For many homeowners, a dog is a cherished member of the household; according to the Humane Society of the United States, there are 77.5 million household dogs in the U.S., a whopping 39 percent of all households. Normally, human-dog interaction is a positive experience for both animal and person, but lately, dog-bite statistics have been increasing. Dog bites accounted for more than one-third of all homeowners insurance liability claims paid out in 2009, costing $412 million and up 8.70 percent from 2008, according to the Insurance Information Institute.
More than 4.7 million people in the United States are bitten by dogs annually, and nearly 900,000 of those, half of them children, require medical care, according to the Centers for Disease Control and Prevention (CDC). Of those injured, 386,000 require treatment in an emergency department. The rate of dog bite related injuries is highest for children aged five to nine years old; the rate decreases thereafter. With more than 50 percent of bites occurring on the dog owner’s property, the issue is a major source of concern for insurers.
Dog Owner Liability
There are three kinds of law that impose liability on owners:
Dog-bite statute: The dog owner is automatically liable for any injury or property damage the dog causes, even without provocation.
“One-bite” rule: In some states, the owner is not held liable for the first bite the dog inflicts. Once an animal has demonstrated vicious behavior, such as biting or otherwise displaying a ‘vicious propensity’, the owner can be held liable. Some states have moved away from the one-bite rule and hold owners responsible for any injury, regardless of whether the animal has previously bitten someone.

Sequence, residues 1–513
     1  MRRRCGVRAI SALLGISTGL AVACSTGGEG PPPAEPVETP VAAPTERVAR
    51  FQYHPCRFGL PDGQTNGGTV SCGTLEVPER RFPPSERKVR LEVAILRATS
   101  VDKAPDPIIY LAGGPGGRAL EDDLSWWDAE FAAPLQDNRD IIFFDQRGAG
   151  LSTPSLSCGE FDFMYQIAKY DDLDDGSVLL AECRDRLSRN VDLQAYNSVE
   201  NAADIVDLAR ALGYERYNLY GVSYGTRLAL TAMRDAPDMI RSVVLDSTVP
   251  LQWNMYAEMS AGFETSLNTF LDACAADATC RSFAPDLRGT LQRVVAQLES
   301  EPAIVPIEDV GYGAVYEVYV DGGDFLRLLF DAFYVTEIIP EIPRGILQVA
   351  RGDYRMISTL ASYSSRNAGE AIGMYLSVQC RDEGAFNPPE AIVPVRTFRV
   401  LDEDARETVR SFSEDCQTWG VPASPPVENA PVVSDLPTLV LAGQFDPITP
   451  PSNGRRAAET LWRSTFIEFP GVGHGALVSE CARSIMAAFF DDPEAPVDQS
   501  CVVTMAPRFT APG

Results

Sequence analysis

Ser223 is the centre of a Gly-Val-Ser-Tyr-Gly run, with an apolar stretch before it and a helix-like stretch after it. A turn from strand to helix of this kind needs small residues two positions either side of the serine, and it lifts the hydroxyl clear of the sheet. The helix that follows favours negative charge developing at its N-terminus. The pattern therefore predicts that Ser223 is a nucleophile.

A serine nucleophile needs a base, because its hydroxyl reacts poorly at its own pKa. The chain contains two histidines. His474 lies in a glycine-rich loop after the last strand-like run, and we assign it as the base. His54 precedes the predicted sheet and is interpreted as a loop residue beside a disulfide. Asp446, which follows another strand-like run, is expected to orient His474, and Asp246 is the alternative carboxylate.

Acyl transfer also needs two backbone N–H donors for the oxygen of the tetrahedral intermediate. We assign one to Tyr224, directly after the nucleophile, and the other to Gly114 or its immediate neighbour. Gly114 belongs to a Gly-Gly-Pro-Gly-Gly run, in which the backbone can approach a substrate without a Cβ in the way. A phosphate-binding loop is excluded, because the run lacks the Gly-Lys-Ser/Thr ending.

Negligence laws: The dog owner is liable if the injury occurred because he or she was unreasonably careless (negligent) in controlling the dog.
The owner of a dog, however, is not liable if the dog injures a trespasser.
The CDC recommends the following steps regarding human-dog interaction:
Consult with a professional (e.g., veterinarian, animal behaviorist, or responsible breeder) to learn about suitable breeds of dogs for your household and neighborhood.
Spend time with a dog before buying or adopting it. Use caution when bringing a dog into a home with an infant or toddler. Dogs with histories of aggression are inappropriate in households with children.
Be sensitive to cues that a child is fearful of or apprehensive about a dog and, if so, delay acquiring a dog. Never leave infants or young children alone with any dog.
Have your dog spayed or neutered. Studies show that dogs are three times more likely to bite if they are NOT neutered.
Socialize your dog so it knows how to act with other people and animals.
Discourage children from disturbing a dog that is eating or sleeping.
Play non-aggressive games with your dog, such as “go fetch.” Playing aggressive games like “tug-of-war” can encourage inappropriate behavior.
Avoid exposing your dog to new situations in which you are unsure of its response.
Never approach a strange dog and always avoid eye contact with a dog that appears threatening.
Immediately seek professional advice from veterinarians, animal behaviorists, or responsible breeders if the dog develops aggressive or undesirable behaviors.
Using these strategies should hopefully allow your personal relationship with Fido to be a positive one.
At Gordon Atlantic, we have an opportunity to work alongside many outstanding businesses, one of which is Trouwe Hond, a professional dog training and kennel business that is truly top in its class. If you have a dog, check out their site.